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Brawl in Cell Block 99: Blu-Ray Review

Starring: Vince Vaughn, Jennifer Carpenter, Don Johnson, Marc Blucas and Tom Guiry
Written by: S. Craig Zahler
Directed by: S. Craig Zahler
Original Year of Release: 2017
Run Time: 132 minutes
Rated: NR

Brawl on Cell Block 99 requires a fair amount of unpacking afterwards. Once you get past the fact that it’s flat-out brilliant, unspeakably violent, and includes the greatest performance Vince Vaughn has ever given by a country mile. It’s the second home run in a row from director S. Craig Zahler, whose Bone Tomahawk is a must-see for anyone willing to chance some of the most horrifying imagery ever put on screen. He hasn’t pulled back a single bit with Cell Block 99: merely transferred it to a similarly neglected genre in need of a little shot in the arm. He patterns it on 70s exploitation movies: specifically a righteous-man-imprisoned flick, which has the potential for something genuinely transgressive if someone had the guts to go there.

That someone is Zahler. And in Vaughn, he finds an actor as well-suited to the material as Kurt Russell was to Bone Tomahawk. The star plays Bradley Thomas, a former mechanic who turns to running drugs when work dries up. He ends up on the wrong side of the law – and the kingpin he works for – when a pick-up goes wrong. Once he lands in prison, things go from bad to worse to horrific as the kingpin demands repayment for his part in the debacle.

To go into the specifics would be to engage in copious spoilers, and one of the pleasures of Cell Block 99 comes in seeing where the twists and turns lead. Needless to say, it constitutes quite a journey – a descent, more accurately – intended to push a strong, principled character to the brink and watch how he responds. Thomas enters into his profession out of necessity rather than desire, and when he does, he commits to certain hard, firm ethical lines. Those lines get pushed to their limits from all directions, both from the system itself and from his fellow criminals (behind bars, on the outside, and sometimes in between).

The film owes part of its success to pacing: watching the pressure come from seemingly all directions and wondering just exactly how bad it can get for this man. You think he’s touched bottom, only to watch it get worse and worse and worse until death itself looks like sweet release.

And yet we get hints early on not only that this man possesses the most unerring moral compass on Earth, but has the sheer brute strength to take anything his tormentors can dish out. He carries a lot of anger, but he knows himself well enough to channel it away from those he loves. An early scene shows him literally pounding his wife’s (Jennifer Carpenter) car into oblivion before going in to confront her: knowing that his rage could overwhelm him and ensuring that it doesn’t.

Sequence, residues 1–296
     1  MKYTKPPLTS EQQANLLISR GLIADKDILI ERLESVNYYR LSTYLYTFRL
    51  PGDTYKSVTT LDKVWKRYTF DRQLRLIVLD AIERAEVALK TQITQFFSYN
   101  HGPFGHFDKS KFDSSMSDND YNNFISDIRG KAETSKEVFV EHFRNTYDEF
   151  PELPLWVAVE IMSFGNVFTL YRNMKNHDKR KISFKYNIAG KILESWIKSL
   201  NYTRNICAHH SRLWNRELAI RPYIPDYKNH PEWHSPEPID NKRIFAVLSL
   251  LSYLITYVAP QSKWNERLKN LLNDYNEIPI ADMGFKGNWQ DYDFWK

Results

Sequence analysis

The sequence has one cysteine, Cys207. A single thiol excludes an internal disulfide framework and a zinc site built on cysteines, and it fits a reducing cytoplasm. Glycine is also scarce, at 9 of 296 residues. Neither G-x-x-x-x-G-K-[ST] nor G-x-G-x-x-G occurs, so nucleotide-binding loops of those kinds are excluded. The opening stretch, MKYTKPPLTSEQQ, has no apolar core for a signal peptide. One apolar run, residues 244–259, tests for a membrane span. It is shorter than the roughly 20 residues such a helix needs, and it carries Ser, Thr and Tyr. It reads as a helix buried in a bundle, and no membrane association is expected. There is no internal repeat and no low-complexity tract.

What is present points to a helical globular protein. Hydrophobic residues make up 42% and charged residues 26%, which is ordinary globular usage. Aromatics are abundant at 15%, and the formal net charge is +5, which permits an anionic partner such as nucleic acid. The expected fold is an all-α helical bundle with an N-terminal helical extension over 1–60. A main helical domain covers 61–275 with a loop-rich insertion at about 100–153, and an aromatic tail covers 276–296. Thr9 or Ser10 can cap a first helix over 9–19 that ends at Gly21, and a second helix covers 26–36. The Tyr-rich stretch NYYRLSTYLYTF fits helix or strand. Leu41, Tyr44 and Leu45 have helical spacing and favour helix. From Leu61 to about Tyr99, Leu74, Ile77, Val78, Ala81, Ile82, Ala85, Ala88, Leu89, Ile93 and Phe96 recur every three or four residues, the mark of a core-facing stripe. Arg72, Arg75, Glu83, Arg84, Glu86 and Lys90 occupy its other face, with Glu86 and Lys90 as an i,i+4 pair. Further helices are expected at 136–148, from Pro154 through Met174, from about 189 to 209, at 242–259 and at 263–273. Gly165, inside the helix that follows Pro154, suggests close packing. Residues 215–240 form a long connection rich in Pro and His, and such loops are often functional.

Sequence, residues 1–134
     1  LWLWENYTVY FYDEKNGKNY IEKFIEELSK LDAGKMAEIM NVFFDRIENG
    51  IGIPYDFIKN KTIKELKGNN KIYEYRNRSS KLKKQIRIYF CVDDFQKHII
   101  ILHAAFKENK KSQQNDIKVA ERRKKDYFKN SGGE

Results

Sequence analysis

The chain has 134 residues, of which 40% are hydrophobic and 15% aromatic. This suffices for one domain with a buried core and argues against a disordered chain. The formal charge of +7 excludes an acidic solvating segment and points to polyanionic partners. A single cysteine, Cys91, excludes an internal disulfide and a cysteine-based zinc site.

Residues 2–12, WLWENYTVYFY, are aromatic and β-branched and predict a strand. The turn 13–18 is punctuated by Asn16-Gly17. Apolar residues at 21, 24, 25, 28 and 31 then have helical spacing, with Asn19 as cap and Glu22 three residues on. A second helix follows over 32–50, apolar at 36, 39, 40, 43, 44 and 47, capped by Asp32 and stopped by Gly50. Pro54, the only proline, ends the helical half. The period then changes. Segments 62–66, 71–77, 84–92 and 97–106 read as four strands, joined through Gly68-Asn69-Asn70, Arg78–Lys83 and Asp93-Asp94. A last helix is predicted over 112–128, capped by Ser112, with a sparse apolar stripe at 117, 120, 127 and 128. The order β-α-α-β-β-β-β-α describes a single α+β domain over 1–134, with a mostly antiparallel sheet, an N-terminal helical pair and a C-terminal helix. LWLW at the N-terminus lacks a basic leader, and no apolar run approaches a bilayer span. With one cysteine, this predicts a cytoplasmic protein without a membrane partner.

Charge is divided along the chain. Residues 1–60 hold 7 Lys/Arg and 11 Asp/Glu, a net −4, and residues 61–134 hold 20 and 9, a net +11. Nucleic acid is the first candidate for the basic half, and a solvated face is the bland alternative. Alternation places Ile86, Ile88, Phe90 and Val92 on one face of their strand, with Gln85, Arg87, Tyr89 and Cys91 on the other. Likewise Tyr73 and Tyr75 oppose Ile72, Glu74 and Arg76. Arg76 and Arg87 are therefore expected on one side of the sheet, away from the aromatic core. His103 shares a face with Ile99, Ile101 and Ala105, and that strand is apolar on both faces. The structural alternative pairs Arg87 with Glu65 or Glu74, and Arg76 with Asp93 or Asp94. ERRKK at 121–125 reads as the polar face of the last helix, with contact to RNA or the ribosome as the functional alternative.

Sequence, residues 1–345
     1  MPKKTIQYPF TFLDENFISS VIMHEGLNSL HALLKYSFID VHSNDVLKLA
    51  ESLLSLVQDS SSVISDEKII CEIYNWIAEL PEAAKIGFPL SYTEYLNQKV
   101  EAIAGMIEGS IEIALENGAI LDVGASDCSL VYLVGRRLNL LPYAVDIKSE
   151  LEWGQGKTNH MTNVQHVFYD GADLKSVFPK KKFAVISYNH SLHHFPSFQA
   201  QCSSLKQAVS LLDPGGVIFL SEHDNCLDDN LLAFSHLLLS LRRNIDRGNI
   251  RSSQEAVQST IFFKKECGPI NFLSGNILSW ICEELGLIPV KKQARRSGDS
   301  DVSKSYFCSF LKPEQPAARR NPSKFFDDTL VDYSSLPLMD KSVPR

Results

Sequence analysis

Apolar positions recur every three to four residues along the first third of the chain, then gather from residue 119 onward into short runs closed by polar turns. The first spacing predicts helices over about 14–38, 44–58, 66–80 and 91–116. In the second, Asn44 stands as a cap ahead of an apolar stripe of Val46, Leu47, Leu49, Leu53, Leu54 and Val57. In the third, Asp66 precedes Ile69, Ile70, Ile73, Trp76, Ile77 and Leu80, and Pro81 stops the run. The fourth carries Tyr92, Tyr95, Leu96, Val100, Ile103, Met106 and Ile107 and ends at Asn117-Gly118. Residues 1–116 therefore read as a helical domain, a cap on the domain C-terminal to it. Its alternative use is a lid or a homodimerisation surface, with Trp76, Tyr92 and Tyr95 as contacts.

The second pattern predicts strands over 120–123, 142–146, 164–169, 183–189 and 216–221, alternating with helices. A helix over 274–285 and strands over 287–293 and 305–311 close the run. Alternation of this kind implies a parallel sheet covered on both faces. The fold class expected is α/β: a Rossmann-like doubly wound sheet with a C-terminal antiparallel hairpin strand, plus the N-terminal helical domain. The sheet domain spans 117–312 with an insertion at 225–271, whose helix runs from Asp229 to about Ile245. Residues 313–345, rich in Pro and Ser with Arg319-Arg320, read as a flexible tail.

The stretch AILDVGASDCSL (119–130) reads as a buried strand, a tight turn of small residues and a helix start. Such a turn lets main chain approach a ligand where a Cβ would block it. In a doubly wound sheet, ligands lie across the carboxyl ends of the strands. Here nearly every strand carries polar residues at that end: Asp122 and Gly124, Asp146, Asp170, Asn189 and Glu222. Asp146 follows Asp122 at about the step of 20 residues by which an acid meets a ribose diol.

The impressive sight of him bringing the pain to a piece of steel and emerging the obvious victor speaks to his sheer brute strength too: something his enemies think they understand but continually underestimate at every turn. Cell Block 99 thrives simply by taking us step by step through the kinds of torment inflicted on this man and makes you ask how and where he’s going to strike back.

With another director that would feel like emotional exploitation: getting a cheap rise out of the audience for low-end surface gratification. But Zahler has more on his mind than simple button pushing. With Vaughn – whose hulking size and understated physicality make him ideal for this character – he crafts a protagonist of depth and complexity: someone worth rooting for through the most vile circumstances. Things get ugly, then uglier, then absolutely unspeakable… but there’s this strange sense that he’s still two steps ahead of everyone, and that all of this serves some larger purpose. That frees the story from grindhouse button-pushing, and allow us to focus on the implications as much as the sleaze. (And to be sure, sleaze is a part of the equation: a means to engage in the kind of uniquely thoughtful look at violence and its consequences that defined Zahler’s last film.)

That said, it cannot be emphasized enough: this movie is not for the squeamish. Zahler continues his uniquely gifted way of showing us exactly, precisely what real violence looks like and exactly, precisely what it does to the human body. But he also knows when the geek-show stuff is necessary to the exercise, and when the threat of such damage is enough. (That applies especially to Thomas’s wife, who in her own way is in even more peril than her husband.)

But with a filmmaker this strong, it triggers the kinds of questions that need asking instead of just wallowing in the depravity. It turns what could have been just another grindhouse homage into something well worth paying attention to. Only can only wonder which undervalued genre he’ll turn his attention to next.

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